The U.S. Supreme Court’s decision to uphold federal health reform — but to make the Medicaid expansion it requires essentially optional — has created, in the words of Donald Rumsfeld, a lot of “known unknowns” for Texas.
Will the state reject more than $100 billion in federal dollars over the next several years to cover more poor people under Texas' safety-net insurance plan? Will it establish a state-specific health insurance exchange — effectively an online marketplace for competitive rates — or let the feds do it instead?
But these decisions, choices that seemed so urgent just a week ago, probably aren’t imminent. That’s because of the “unknown unknowns” — what the November election and a possible Mitt Romney presidency could mean for health reform’s implementation.
Romney has said if elected, he’d fight for repeal of “Obamacare,” or simply grant states waivers to opt out of health reform. That gives states like Texas little motivation to really work at implementing federal health reform until they know what happens in November.
And even if voters send President Obama back to the White House, the Medicaid expansion isn’t supposed to start until 2014. There’s an entire five-month legislative session in Texas between now and then, where the debate over accepting the federal funding — at a cost to the already strapped state budget of about $6 billion between 2014 and 2019 — could prompt other as-yet unknown courses of action.
“Our take,” Health and Human Services Commission spokeswoman Stephanie Goodman said, “is that it will be a legislative decision that will be debated during the session.”
Hospitals in particular have a tricky tightrope to walk: They must convince the state not to reject the federal funding for a Medicaid expansion, but craft their message in a way that resonates with an anti-Washington governor and the ruling party's Tea Party base.
For hospitals, an expansion of Medicaid means less uncompensated care and more revenue — which translates into increased stability at a time when they’re already facing a restructuring of how they receive state and federal reimbursement. Rejecting the federal funds, they argue, would soon leave Texas with a bigger population of the uninsured than there is today.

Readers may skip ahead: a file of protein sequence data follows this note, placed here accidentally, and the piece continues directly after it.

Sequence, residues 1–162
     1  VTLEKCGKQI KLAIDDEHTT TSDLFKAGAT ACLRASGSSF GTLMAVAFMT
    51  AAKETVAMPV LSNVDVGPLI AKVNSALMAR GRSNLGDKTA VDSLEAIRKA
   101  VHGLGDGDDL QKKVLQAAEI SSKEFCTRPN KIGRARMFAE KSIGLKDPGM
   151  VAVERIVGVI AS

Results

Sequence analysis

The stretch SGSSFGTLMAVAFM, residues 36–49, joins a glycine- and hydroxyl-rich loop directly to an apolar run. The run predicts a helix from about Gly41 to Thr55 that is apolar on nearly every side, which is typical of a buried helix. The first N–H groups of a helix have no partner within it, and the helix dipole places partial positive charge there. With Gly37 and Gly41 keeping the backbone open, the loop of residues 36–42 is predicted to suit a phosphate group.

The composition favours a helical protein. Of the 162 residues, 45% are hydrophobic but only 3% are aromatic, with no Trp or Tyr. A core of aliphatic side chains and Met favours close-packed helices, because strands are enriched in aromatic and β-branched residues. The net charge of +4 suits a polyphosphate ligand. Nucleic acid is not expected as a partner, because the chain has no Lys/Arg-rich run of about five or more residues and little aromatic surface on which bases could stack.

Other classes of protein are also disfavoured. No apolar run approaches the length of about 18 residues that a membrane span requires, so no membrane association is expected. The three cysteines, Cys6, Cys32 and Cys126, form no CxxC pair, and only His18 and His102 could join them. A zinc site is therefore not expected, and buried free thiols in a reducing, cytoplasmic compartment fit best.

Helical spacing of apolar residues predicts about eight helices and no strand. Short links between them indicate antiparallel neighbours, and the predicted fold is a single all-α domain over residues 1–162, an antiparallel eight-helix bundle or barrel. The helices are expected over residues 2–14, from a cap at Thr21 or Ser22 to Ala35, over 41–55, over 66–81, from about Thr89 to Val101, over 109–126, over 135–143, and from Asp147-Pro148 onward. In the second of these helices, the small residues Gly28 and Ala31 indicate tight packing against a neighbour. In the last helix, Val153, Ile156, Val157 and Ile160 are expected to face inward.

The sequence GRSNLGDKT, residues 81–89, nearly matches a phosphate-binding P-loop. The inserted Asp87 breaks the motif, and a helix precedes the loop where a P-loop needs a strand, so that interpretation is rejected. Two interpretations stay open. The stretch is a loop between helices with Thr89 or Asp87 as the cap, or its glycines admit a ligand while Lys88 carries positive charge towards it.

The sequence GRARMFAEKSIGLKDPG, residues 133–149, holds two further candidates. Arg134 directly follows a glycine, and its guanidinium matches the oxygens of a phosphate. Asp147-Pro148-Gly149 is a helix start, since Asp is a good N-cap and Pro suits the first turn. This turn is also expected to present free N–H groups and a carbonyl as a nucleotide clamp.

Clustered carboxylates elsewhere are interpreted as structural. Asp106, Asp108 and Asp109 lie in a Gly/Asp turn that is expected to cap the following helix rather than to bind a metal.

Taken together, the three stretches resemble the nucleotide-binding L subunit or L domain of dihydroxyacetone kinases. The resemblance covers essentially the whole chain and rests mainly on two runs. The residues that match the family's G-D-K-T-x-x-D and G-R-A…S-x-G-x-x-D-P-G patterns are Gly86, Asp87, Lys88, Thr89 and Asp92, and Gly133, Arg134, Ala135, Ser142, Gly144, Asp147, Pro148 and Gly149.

But the big suits steering Texas’ major hospitals know they’re not sympathetic enough figures to ask for the Medicaid expansion on the basis of their bottom lines. Instead, they’ll argue that the state’s rejection of the federal funds would shift costs back to the Texas consumer two-fold — via the taxes they pay, and via rising health insurance premiums.
One possible scenario Texas lawmakers could consider: If they don’t want a statewide Medicaid expansion, they might give regions or local hospital districts the green light to try to negotiate with the federal government for their own communities. Some health reform supporters fear this could create a scenario of the haves and have-nots — one called it a school finance Robin Hood plan “on steroids” — depending on which communities have the local tax base to pay their contribution to the Medicaid expansion. (Goodman said such a possibility isn’t yet clear.)
Another: It would be a big loss for the Centers for Medicare and Medicaid Services (CMS) if Texas, the state with the highest percentage of uninsured residents, didn’t partake in the Medicaid expansion. That gives state leaders quite a bit of leverage. Gov. Rick Perry, who, unlike some other conservative state governors, hasn’t flat-out rejected the Medicaid expansion, could bargain with Washington to get a waiver to design the roll-out the way Texas wants, including staggered coverage or a system that requires enrollees to have more skin in the game.
Perry “hasn’t said yet what he plans on doing, which gives me a lot of hope,” said state Rep. Garnet Coleman, D-Houston. Coleman said while history would indicate Perry won’t accept the money, “things change.”
“If we listen to what he has to say, if we create a dialogue between CMS, between state legislatures across the country, we might see what it is they want in the package that would persuade them to move forward," Coleman said.
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